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Two of the main planks of Roosevelt's progressive Bull Moose platform had been campaign finance reform and improved governmental accountability.In the 1968 presidential election, the paper declined to endorse either Richard Nixon or Hubert Humphrey, asserting that "all candidates are good candidates." In the paper's 2016 editorial decision to take the further step of actually endorsing a Democratic candidate for the first time, the paper argued that despite Clinton's flaws, it could not support Republican nominee Donald Trump, denouncing him as "not conservative" and "not qualified." The board also argued that Trump had "deep character flaws.... stunning lack of human decency, empathy and respect," suggesting that it was evidence he "doesn't grasp our national ideals." The paper also noted its concern regarding whether or not Trump would possess the necessary restraint needed for someone with access to nuclear weapons, stating, "The president commands our nuclear arsenal.After Roosevelt's convention loss, and also after the hasty formation of the "made to order" Bull Moose Party, the paper continued to endorse Theodore Roosevelt via the newly formed party.As a result of Roosevelt's insistence on an independent presidential bid that year, the Republican party of 1912 was in disarray, yielding that year's presidential election to the Democrats, with the GOP only able to carry a total of 8 electoral votes that year.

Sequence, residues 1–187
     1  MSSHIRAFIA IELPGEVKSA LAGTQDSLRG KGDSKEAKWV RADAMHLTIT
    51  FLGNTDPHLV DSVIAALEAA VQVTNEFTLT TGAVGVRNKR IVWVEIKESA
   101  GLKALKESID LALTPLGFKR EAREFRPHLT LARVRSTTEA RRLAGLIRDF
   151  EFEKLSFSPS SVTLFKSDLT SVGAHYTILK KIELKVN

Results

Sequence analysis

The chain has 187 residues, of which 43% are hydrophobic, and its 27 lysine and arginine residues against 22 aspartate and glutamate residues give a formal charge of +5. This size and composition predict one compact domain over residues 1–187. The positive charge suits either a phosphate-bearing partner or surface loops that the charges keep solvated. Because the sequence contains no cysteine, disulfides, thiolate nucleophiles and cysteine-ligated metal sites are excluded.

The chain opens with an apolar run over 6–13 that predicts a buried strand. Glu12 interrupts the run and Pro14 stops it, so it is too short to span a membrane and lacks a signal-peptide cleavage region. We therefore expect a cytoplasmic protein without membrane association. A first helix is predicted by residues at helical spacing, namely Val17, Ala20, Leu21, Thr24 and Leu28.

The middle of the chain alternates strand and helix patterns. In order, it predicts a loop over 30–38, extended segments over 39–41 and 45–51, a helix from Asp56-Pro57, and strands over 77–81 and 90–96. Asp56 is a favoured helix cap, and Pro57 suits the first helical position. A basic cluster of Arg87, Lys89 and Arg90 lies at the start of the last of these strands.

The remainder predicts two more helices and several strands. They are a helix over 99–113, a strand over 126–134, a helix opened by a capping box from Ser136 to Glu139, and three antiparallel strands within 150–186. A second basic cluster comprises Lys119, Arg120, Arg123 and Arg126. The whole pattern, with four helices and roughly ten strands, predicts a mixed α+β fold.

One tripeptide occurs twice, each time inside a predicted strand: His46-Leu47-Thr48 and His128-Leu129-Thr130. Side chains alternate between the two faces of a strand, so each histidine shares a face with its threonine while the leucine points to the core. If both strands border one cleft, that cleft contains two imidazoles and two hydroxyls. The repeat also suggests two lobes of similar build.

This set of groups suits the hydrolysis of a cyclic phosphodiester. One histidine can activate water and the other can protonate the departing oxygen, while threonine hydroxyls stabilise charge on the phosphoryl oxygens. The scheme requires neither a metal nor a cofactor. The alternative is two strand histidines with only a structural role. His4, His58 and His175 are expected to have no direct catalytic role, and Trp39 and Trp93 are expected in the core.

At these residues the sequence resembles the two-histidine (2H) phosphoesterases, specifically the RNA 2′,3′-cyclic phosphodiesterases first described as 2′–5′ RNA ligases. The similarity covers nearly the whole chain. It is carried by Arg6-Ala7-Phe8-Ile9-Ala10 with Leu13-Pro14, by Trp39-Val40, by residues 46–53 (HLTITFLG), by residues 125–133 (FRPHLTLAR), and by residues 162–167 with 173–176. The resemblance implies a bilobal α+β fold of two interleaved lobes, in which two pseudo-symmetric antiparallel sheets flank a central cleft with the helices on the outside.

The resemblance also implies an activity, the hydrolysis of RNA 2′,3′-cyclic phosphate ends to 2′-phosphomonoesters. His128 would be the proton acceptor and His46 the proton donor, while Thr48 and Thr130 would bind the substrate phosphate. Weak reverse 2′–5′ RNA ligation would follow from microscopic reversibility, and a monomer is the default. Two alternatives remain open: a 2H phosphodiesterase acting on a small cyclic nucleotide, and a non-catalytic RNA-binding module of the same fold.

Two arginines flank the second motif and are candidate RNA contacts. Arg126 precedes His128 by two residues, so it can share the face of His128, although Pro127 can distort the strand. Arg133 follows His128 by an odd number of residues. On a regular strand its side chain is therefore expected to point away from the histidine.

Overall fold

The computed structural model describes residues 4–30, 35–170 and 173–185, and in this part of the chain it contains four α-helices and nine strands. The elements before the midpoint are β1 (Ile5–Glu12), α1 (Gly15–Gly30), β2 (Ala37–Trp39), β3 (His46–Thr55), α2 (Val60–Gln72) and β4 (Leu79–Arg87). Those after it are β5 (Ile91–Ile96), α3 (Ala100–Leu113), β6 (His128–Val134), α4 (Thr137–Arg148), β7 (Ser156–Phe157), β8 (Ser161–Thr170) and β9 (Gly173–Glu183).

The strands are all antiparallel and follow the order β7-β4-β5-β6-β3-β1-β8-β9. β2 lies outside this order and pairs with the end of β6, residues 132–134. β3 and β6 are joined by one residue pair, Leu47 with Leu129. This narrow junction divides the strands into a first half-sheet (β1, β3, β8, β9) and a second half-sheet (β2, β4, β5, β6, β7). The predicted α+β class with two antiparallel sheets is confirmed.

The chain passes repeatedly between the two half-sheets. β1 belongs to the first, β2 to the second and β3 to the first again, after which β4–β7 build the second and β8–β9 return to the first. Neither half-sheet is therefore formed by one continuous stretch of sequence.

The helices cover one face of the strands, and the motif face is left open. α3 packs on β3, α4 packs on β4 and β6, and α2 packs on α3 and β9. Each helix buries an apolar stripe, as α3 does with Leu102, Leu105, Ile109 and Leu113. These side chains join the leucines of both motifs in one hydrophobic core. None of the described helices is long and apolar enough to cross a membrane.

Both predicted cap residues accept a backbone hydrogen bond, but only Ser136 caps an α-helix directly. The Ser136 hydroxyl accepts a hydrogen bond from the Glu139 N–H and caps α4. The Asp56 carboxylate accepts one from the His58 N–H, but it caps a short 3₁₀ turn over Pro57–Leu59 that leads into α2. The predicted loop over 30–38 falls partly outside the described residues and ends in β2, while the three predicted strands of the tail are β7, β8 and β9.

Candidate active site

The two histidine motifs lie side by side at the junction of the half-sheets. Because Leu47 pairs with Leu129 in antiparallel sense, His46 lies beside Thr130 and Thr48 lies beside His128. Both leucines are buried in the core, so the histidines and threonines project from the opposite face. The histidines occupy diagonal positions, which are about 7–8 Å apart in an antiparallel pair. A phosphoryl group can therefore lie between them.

A strong period of growth came under Pulliam, who imprinted the newspaper with his conservative brand of politics and his drive for civic leadership.Central Newspapers was purchased by Gannett in 2000, bringing it into common ownership with USA Today and the local Phoenix NBC television affiliate, KPNX.The Republic and KPNX combine their forces to produce their common local news subscription website, The paper was then run by two of its top executives, Charles Stauffer and W.Wesley Knorpp, until it was bought by Midwestern newspaper magnate Eugene C. Stauffer and Knorpp had changed the newspaper's name to The Arizona Republic in 1930, and also had bought the rival Phoenix Evening Gazette and Phoenix Weekly Gazette, later known, respectively, as The Phoenix Gazette and the Arizona Business Gazette.

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